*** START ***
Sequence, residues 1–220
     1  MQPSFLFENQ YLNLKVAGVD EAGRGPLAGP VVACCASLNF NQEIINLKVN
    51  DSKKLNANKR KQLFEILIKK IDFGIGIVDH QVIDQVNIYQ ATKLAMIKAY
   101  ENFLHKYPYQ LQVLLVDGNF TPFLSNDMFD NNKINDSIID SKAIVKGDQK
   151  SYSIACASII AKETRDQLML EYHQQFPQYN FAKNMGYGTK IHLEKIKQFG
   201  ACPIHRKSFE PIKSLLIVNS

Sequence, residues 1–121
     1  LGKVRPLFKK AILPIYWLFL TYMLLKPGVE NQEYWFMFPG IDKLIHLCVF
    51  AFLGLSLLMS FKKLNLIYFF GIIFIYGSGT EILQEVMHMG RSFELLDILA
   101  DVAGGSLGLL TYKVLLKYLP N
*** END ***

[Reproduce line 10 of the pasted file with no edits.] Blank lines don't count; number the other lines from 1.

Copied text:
   101  DVAGGSLGLL TYKVLLKYLP N